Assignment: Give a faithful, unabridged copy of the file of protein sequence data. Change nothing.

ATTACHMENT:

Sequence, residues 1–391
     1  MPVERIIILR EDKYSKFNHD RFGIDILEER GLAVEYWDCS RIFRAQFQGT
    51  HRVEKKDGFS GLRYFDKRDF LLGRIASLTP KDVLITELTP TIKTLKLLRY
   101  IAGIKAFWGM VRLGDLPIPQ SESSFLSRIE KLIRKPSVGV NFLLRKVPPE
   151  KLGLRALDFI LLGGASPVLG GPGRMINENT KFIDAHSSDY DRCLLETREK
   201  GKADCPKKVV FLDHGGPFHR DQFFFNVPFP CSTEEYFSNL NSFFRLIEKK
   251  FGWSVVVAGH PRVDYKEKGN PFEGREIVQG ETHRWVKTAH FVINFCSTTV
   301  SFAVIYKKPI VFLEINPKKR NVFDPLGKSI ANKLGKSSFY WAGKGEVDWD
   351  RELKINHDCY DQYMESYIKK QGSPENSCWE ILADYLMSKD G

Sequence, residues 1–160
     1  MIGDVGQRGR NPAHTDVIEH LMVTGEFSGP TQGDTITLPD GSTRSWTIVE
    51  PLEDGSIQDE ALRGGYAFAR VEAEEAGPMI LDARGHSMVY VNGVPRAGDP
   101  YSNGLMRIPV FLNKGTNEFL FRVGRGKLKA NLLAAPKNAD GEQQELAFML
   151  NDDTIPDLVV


Sequence, residues 1–391
     1  MPVERIIILR EDKYSKFNHD RFGIDILEER GLAVEYWDCS RIFRAQFQGT
    51  HRVEKKDGFS GLRYFDKRDF LLGRIASLTP KDVLITELTP TIKTLKLLRY
   101  IAGIKAFWGM VRLGDLPIPQ SESSFLSRIE KLIRKPSVGV NFLLRKVPPE
   151  KLGLRALDFI LLGGASPVLG GPGRMINENT KFIDAHSSDY DRCLLETREK
   201  GKADCPKKVV FLDHGGPFHR DQFFFNVPFP CSTEEYFSNL NSFFRLIEKK
   251  FGWSVVVAGH PRVDYKEKGN PFEGREIVQG ETHRWVKTAH FVINFCSTTV
   301  SFAVIYKKPI VFLEINPKKR NVFDPLGKSI ANKLGKSSFY WAGKGEVDWD
   351  RELKINHDCY DQYMESYIKK QGSPENSCWE ILADYLMSKD G

Sequence, residues 1–160
     1  MIGDVGQRGR NPAHTDVIEH LMVTGEFSGP TQGDTITLPD GSTRSWTIVE
    51  PLEDGSIQDE ALRGGYAFAR VEAEEAGPMI LDARGHSMVY VNGVPRAGDP
   101  YSNGLMRIPV FLNKGTNEFL FRVGRGKLKA NLLAAPKNAD GEQQELAFML
   151  NDDTIPDLVV